Christchurch, remixed

Christchurch, remixed
 I don’t need statistics to tell me Christchurch is not monocultural. I see evidence to the contrary every day, and it fills me with hope for the future.

When a city is rebuilt, the wanderer’s eye is particularly drawn to artists’ renderings of what will stand where now, there is bare land or rising steel. Onsite billboards present an idealised vision of what to expect; a permanently cloudless summer sky, gleaming glass, pristine walls untouched by tags or lichen. Little clusters of people hang around these perfect buildings, often a little translucent, like future ghosts.  As we walk through patches of wilderness to reach these little islands of growth, we search, sometimes hopelessly, for the familiar, and examine the new.

I started paying particular attention to who populated artists’ renderings – spoiler: white folks – not long after an outcry over a campaign designed to promote living in the CBD, which featured almost exclusively white or white-appearing professional people.  Some time before that, my then-employers had released a series of posters that sought to depict the exciting variety of typical local newspaper readers: several white people and a dog.  Between the two of these events – which I found people generally responded to with some variation on “but Christchurch really is super white and monocultural, it’s just reality”-  I began counting obviously non-white faces as I went about my day in the CBD.  I’d usually hit between nine and 15 in a 10-minute walk, before I got bored with counting and started thinking about something else.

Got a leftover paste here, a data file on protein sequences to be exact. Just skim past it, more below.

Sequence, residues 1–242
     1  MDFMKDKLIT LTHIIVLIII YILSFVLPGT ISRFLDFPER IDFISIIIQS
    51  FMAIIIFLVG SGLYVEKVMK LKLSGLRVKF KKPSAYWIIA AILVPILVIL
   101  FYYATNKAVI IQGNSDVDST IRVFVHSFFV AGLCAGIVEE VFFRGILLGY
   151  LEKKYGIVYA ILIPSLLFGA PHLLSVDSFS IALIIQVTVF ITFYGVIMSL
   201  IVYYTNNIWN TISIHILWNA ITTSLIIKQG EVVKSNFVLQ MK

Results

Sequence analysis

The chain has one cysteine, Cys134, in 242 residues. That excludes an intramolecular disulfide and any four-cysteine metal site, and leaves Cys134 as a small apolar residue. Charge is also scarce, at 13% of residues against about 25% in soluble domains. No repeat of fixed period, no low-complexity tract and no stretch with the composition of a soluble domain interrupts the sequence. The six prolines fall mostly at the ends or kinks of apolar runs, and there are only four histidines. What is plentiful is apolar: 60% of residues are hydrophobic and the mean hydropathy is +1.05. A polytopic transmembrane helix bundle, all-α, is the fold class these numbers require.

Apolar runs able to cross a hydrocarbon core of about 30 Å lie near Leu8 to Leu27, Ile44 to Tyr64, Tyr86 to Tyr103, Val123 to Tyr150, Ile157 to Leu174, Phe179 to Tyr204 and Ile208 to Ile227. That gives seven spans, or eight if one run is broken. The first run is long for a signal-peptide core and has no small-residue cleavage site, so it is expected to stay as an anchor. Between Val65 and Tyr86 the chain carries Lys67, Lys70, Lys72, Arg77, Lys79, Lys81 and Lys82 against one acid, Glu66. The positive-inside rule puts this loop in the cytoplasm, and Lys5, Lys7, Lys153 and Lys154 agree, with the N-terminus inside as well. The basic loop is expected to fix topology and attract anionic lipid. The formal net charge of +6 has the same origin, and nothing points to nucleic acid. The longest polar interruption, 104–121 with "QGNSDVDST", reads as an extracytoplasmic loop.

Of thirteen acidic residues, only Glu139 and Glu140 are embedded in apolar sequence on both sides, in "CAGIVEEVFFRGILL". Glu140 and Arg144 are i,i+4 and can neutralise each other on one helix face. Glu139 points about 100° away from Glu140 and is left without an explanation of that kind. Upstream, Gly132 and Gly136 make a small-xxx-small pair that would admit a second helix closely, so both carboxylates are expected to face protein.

When I say “CBD”, mind you, I’m not talking about a bustling metropolis, or even the moderately active small city that Christchurch used to be before the 2011 earthquake. I’m talking about a still fairly sparsely populated part of town. It’s a place tourists visit, and it’s a place where international students and new migrants gather to study English. Many of them, it’s true, may not live within the Four Avenues.  But they work or study here. And many would live here, given the option.

I am a white person from a largely white family. Growing up, I really did live in a largely white town. It’s not any more. It hasn’t been particularly homogenous for at least 20 years. Not if you look around. Christchurch may statistically remain overwhelmingly “European” – 83.9 percent of Christchurch city residents surveyed in the 2013 census identified as such, though some of them probably also identified as something else – but it is changing. More of us are Maori. More of us are Chinese, or Indian, or come from the Philippines. More of us are a mixture of all kinds of things. There have always been Kiwis whose ancestry traced to neither the British Isles nor Hawaiki. They’re just more noticeable now.